Super Mario Land 2: 6 Golden Coins
|Super Mario Land 2: 6 Golden Coins|
This game has a prerelease article
Super Mario Land 2 introduces the concept of space exploration to the Mario series. Also, Wario.
Graphics from earlier versions of the game still survive in the ROM.
While largely identical to the final Mario tileset, there are some differences, mostly relating to poses of Mario from the front. The fireball is also much darker.
These graphics are only present in the Japanese version; they were replaced with duplicate title screen tiles in the American and European versions.
The early font is not shaded at all, and most of the digits have different graphics. The final version frees up some of the letter tiles for other graphics, like the money bag. The B isn't used in either version.
Found in an early version of the font, this would have been used to indicate time instead of the "T". It was probably shortened to make the HUD less cramped, and an early screenshot indicates that this was changed before the GOAL did. The last two 8×8 tiles were replaced with the money bag graphics.
The horizontal pipes were made a bit thicker in the final version, probably to hide Mario when he travels through.
A thicker version of the floating platforms found throughout the game.
An even earlier version of the platform that barely resembles the final one.
Unused Sprite Graphics
Animations of Mario swimming in space. It's possible these were meant for the last Space Zone stage, where you have free vertical movement.
These animations aren't used either. There are no vertical pipes in Space Zone, and you can't spin jump.
The trampoline from Super Mario World! This appears in an early version of the standard block tileset. In the final block tileset, it was replaced by the fire block graphics.
Unused Background Graphics
Graphics from an older version of the GOAL, which include a sign above a mushroom house. While all of the graphics exist (left), only the rooftop has metatiles defined (right).
This version of the GOAL appeared in an early screenshot, which also shows the final timer graphic. Interestingly, the ripped tiles differ somewhat from this shot: look at the lower part of the roof by the right side of the doorway, and the area where the pole meets the roof. This may suggest that the old GOAL underwent a tiny bit of alteration before being scrapped.
An unused ceiling spike, intended for Space Zone.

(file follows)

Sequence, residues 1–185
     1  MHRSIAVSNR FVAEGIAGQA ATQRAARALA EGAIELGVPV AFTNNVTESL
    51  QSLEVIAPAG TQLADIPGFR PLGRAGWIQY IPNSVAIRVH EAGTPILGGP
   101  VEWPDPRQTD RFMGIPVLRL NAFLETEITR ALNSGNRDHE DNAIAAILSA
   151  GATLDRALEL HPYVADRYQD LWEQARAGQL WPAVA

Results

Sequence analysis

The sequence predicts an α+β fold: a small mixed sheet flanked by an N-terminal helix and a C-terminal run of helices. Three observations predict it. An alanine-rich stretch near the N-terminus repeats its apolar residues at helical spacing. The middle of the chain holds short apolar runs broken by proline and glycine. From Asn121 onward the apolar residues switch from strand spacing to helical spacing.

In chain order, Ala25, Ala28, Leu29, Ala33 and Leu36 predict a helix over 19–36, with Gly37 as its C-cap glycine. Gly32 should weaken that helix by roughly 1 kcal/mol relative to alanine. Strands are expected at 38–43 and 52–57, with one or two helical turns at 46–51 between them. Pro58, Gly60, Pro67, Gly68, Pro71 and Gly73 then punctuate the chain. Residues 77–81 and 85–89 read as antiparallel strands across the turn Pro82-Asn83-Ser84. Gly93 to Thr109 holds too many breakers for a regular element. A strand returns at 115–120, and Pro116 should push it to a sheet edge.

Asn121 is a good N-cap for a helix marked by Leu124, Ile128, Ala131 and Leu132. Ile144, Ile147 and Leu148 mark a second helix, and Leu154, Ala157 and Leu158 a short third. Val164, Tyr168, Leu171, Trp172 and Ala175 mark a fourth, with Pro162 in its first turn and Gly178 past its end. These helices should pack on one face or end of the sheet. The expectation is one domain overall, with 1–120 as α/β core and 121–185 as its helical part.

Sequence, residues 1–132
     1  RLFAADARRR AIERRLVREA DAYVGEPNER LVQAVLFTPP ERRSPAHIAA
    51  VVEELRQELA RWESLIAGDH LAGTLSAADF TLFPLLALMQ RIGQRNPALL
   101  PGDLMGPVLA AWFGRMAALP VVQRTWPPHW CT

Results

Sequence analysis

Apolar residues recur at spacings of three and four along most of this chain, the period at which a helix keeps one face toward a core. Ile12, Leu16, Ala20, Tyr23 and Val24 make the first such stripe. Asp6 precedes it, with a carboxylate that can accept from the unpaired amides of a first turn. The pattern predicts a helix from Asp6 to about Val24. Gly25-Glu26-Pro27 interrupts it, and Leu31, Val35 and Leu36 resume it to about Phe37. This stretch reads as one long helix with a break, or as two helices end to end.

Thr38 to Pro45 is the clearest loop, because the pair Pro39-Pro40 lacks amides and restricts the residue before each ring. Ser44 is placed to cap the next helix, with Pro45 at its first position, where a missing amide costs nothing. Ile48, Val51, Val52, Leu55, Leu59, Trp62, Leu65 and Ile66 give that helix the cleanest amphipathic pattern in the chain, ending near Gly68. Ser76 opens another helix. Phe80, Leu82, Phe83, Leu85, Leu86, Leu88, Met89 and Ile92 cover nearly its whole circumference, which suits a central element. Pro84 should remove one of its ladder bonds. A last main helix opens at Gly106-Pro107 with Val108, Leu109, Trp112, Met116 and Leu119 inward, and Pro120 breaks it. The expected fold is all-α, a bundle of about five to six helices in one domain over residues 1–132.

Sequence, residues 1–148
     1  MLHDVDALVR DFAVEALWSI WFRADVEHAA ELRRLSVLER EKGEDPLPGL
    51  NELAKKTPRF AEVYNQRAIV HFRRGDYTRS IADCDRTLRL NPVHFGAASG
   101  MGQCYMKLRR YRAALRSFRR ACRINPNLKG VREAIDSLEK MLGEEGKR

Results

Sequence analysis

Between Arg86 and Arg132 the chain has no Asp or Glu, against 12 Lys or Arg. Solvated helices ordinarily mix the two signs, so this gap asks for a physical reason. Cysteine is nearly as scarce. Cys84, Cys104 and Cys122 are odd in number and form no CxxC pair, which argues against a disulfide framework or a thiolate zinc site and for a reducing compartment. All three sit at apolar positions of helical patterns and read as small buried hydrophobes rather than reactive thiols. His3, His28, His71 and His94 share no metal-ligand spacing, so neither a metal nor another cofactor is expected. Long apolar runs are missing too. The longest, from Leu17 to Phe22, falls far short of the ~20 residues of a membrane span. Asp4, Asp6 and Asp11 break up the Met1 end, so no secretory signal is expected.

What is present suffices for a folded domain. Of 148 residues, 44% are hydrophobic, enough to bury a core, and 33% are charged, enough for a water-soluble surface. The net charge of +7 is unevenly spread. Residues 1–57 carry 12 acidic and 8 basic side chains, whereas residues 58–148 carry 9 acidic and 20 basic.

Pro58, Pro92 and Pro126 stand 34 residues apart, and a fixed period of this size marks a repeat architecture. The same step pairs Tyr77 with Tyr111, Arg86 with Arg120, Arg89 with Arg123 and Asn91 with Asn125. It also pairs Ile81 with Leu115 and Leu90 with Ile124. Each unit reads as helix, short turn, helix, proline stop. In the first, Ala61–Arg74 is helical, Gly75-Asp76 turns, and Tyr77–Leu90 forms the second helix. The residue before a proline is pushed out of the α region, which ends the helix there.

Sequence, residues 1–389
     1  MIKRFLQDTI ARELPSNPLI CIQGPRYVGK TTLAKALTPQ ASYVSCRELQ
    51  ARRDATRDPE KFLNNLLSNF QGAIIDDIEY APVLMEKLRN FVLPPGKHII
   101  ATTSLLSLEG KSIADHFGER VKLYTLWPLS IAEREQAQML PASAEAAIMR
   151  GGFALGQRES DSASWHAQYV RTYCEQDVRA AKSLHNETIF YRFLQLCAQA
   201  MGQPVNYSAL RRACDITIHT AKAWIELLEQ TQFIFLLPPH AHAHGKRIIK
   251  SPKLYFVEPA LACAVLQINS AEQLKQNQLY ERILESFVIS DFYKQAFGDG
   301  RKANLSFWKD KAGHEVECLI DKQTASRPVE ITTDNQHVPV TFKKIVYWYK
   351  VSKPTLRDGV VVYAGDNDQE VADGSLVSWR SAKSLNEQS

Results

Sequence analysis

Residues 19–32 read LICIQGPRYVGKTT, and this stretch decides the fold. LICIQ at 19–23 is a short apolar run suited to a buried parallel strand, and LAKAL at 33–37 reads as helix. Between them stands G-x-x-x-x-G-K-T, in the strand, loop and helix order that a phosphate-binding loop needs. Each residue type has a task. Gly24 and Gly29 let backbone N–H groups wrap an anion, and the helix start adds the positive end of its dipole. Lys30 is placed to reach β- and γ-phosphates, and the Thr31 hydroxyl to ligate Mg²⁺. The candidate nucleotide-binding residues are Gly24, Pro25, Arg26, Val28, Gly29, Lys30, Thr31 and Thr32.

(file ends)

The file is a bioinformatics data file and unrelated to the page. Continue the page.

Unused Map Graphics
These tiles are found with the rest of the castle overworld graphics, but aren't used. The black cloud above the castle takes the place where most of these graphics would be.
An unused tilemap at 0x47000 shows the full castle, using these tiles. Interestingly, this tilemap has some other differences:
- A tree to the right of the Pumpkin Zone entrance is in a different location, and is also missing a tile.
- For reasons unknown, some water tiles next to Macro Zone's right chimney were switched around.
- The small end of the tunnel to the right of Macro Zone has a blank tile above it. At one point, this probably had a different tile, as it reuses a tile from elsewhere (the left side of the small column things with eyes) in the final version.
- Since the flowers(?) northeast of the castle are replaced by the dark cloud in the final version, a single set of flowers was added to the right of the tunnel mentioned above.
- A piece of the fence(?) southwest of the castle is missing. This might suggest that the fence posts once formed a vertical line instead of a bracket shape.
Pumpkin Zone Entrance
The last 8×8 tile of the Pumpkin Zone graphic is unused, cut off by tree tiles.
Right above Pumpkin Zone is a floating cloud, fully coded but disabled, located at 0x3CC04. Location ID: 09
Along with whatever those other four tiles are supposed to be, an unused H can be found. This suggests that Macro Zone's name originally began with an H (Home? House? Huge?) but was changed sometime in development.
A static version of the flower tiles. In the final version, the flowers in the background (that appear when the Tree Zone secret level is cleared) are animated.
How this would have looked in-game.